2011 Comrades Marathon, Favourites, Races

Last race: The Comrades Marathon (86.96km) 29 May 2011

I thought I’d died and gone to hell.

So I wasn’t completely honest in my previous posts. I’d been suffering from a stomach bug for two days before the race and convinced myself that it was just nerves. However it got so bad the night before the race that I ended up phoning my sister in London in a panic.

I was dehydrated when I took my place in the D pen at 5am, and by the time we’d gone 2km I needed to go again, except we were on the highway. About 5km in I spotted some other AACers who tried to get me to take a Rehidrat, which I did quickly followed by an anti nausea tablet and another pit stop. By the time I’d got to Cowies just 15km in I was dizzy and numb and vomited behind a paper bin. Enter the first Comrades hero, suddenly a stranger popped up beside me, surveying the mess I’d made and gave me his water sachet, he even rubbed my back.

At this point barely a fraction of the way in I was forced to consider bailing. Something I have never ever allowed myself to do. With another 72km to go I had to question the damage I might do to myself, but then how could I show up to work and tell them I sat down and waited for the rescue bus? In a second 6 months of training vanished, I moved swiftly from plan A (go sub 10) to B (beat last year’s time) through C (get a bronze) straight to plan Z (get a medal) judging by the fact that I had lost all my nutrients and therefore energy, the chances were slim.

I decided that if I had to get the rescue bus it would damn well have to catch me. I wasn’t going to give in. I drank at each water station, adding coke to each water, and when I felt able to I swallowed salt which I had to ask spectators for as well as the Gu I had in my pockets. Clearly I could no longer run up hill so my strategy had to be focussed on the downhill sections (not many on the up run). Walking up Fields Hill and Bothas, my throat started to constrict and I felt that breathing was difficult, I kept my hands on my waist to open the airways and apart from the sore stomach and slow pace, it wasn’t that bad until Inchanga.

I’d passed the halfway spot at Drummond and concentrated on the next climb which I managed no problem. I’d noticed my leg muscles hurt at the summit of each hill as they adjusted to the strain of being pulled in a different direction. At Inchanga I got to the top,and just started down the other side when I collapsed at the side of the road in agony with cramps in both calves. Like the vomiting I’ve never experienced this on a race as I eat properly days in advance, but I had no food and little water in my system. The pain was excruciating and I ended up groaning when hero number two arrived. He was a spectator who dashed over to help stretch out my legs. I actually cried right then, how the hell could I carry on now? He got me up and told me that a massage station was just around the bend and all I needed to do was walk over there. After a rub and ice I was off again, up Cato Ridge through the crap flat section of Harrison Flats where I was passed by the last sub 11 bus (there were three) which meant I was now officially with the back markers.

I now hit the 70km section where everything is black and most runners experience a serious downer, but I’d had the pain from the beginning. The whole race was dark and it was a fight every step of the way. Here the crowds, the noise, the smell of the braais, the kids with their ‘go Mum’ placards just pissed me off, last year I drew energy from the supporters, today I couldn’t bear them.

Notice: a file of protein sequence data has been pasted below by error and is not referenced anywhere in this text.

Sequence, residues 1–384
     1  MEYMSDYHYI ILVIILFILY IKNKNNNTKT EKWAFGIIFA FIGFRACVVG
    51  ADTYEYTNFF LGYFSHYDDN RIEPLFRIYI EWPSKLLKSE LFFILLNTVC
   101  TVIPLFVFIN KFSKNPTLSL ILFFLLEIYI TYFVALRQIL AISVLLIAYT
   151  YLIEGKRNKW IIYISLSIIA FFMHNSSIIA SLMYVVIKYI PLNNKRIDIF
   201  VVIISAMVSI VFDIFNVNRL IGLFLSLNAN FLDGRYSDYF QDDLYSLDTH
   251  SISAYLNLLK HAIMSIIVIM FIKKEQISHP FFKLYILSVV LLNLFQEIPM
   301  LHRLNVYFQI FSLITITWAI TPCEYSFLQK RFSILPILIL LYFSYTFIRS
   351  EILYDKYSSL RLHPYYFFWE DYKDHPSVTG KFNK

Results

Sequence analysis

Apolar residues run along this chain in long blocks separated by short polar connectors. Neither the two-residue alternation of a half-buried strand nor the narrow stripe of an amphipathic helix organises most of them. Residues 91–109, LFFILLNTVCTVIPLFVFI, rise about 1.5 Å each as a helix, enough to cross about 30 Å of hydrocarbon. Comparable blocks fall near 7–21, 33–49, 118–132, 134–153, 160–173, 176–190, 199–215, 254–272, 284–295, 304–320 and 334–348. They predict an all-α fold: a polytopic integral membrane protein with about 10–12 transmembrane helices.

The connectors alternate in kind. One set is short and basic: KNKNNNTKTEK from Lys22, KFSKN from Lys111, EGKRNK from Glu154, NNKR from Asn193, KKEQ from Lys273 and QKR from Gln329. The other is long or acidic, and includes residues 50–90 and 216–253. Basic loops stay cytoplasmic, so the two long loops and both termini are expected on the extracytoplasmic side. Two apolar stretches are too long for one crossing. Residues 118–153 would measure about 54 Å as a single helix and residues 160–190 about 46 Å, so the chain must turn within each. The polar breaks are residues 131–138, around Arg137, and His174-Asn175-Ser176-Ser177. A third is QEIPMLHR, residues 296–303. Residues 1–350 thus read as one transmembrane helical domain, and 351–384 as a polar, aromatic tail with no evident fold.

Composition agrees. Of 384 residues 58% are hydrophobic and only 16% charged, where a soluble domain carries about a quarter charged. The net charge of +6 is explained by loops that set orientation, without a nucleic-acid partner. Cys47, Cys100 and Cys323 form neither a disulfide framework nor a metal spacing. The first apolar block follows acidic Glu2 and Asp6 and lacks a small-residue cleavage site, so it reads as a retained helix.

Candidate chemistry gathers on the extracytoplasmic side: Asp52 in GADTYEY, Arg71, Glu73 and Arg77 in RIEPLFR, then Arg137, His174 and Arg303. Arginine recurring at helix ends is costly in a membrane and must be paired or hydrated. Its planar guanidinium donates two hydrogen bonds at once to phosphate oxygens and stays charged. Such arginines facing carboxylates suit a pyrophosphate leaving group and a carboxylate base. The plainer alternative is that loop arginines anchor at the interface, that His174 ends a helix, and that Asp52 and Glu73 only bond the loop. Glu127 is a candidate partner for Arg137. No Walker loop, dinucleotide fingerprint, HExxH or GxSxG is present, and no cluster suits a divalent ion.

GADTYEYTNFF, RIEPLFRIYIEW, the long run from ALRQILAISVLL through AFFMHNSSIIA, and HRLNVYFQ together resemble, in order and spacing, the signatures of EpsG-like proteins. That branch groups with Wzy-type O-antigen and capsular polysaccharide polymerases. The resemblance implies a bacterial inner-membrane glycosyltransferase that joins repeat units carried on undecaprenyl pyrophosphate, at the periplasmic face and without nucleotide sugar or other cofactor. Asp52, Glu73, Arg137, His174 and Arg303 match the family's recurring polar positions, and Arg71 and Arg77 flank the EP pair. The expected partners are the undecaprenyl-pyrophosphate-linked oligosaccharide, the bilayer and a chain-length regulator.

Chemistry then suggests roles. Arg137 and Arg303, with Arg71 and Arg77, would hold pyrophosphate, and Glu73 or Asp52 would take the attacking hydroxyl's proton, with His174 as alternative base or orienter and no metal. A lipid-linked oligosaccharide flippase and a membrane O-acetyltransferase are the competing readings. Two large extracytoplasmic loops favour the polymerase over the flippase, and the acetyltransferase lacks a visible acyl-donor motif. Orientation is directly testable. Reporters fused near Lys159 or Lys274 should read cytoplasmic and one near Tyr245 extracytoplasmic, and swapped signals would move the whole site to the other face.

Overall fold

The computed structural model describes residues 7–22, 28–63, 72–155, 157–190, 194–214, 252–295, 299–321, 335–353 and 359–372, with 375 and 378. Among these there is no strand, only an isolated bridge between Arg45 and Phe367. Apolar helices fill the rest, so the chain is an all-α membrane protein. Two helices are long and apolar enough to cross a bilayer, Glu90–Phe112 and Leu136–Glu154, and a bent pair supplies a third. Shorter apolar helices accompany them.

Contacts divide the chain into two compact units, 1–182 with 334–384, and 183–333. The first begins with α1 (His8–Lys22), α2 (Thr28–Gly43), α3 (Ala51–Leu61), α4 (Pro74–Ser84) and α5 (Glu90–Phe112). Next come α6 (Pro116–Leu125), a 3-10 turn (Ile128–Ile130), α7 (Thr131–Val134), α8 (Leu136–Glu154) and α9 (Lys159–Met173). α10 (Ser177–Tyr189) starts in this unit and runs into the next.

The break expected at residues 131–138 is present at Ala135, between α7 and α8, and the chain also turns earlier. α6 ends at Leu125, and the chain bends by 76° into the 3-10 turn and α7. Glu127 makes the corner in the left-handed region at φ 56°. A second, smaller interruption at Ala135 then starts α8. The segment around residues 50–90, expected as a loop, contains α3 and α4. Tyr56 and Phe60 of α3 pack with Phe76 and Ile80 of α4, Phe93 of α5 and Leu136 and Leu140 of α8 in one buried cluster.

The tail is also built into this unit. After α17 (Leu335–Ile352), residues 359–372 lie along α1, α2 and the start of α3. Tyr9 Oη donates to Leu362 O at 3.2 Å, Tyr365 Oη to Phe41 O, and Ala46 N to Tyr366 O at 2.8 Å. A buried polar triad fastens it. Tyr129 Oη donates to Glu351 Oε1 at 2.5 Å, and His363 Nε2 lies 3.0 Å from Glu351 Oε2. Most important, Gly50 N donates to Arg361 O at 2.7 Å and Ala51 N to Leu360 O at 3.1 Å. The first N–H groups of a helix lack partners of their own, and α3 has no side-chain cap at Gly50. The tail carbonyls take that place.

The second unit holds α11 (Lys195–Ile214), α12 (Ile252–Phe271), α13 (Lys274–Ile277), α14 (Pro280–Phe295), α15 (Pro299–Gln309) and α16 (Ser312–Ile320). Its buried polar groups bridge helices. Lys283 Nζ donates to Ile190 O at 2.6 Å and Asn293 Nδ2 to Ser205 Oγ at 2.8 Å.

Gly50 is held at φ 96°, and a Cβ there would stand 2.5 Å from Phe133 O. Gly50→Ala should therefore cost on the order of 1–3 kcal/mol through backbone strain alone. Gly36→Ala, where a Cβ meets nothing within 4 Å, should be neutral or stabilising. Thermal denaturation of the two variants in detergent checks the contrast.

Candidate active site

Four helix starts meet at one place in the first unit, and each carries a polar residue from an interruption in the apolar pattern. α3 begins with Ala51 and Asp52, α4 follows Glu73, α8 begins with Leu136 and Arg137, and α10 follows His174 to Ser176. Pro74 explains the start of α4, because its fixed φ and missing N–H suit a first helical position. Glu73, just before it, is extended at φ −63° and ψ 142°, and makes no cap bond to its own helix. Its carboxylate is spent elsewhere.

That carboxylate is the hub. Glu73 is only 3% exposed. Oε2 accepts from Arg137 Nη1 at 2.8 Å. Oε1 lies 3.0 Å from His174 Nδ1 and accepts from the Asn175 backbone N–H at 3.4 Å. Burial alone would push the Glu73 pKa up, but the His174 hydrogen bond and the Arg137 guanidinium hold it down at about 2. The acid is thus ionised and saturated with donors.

As I ran I tracked my progress against the cut off boards which tell runners when they will be swept. I’d gone from an hour and a half ahead to 30 minutes by the time I had stumbled and tripped down the decline at Ashbuton. I had another two pit stops and focussed on Polly Shortts. The sun was going down, never a good sign. Previously I had timed how long it had taken me to cover 10km from the 20km to go board and it was an hour and a half, at the bottom of Polly’s I had the same to do the last 10. Too tight. This is where the training kicks in.

At the top of Pollys I ran, only walking when the pain got too much. At this point I was blinking back the tears mainly because I couldn’t believe I was on the verge of not making the cut off, I’d put myself through all the training, the strain and agony of dragging myself through two marathons and up innumerable hills and I’d probably not get a medal. When I saw the laminated flag of the sub 12 bus catching the sun 300m ahead of me my heart sank and this really was my lowest point, if I wasn’t so dehydrated the tears would have been rolling down my cheeks. No, no, no, no, no this is not happening, this cannot be happening. If the sub 12 hour bus is ahead of you one of two things are probable – 1. You fail, 2. You catch them but do not have enough energy to move past the hundred plus people in the crowd which means you walk the finish trusting that the leader has calculated the time and distance properly. In a last ditch effort I made the decision right there that I was going to push past them and I was going to keep going fighting the pain until I was well past the group. At 5km to go I found Mike also having a bad day, I couldn’t speak from the sheer effort, barely managing a mumble, but Mike was my hero number three. He promised me we’d get there with 15 minutes to spare. Despite his own pain and exhaustion he encouraged me, talked me through it, pointed out the turns and decided when we would walk and run. There is nothing more emotional to see 11 hours and 30 minutes on your wristwatch and still have 2km to go. He gave me the support I needed and we ran the finishing straight together.

I may have ran a bad time, but I’m prouder of yesterday’s race than last year, I tested myself to the absolute limit, and I came out the other side. At any point I could have decided it was too hard, that I was too sick, that I was too disappointed with the time and given up. I don’t know where that determination and perseverance came from, but I had it when I needed it. I got to plan Z and I got my medal. I didn’t for a second enjoy anything about Comrades 2011, and no I don’t think I’ll be putting myself through it again any time soon, but never say never – After all there is nothing like a challenge.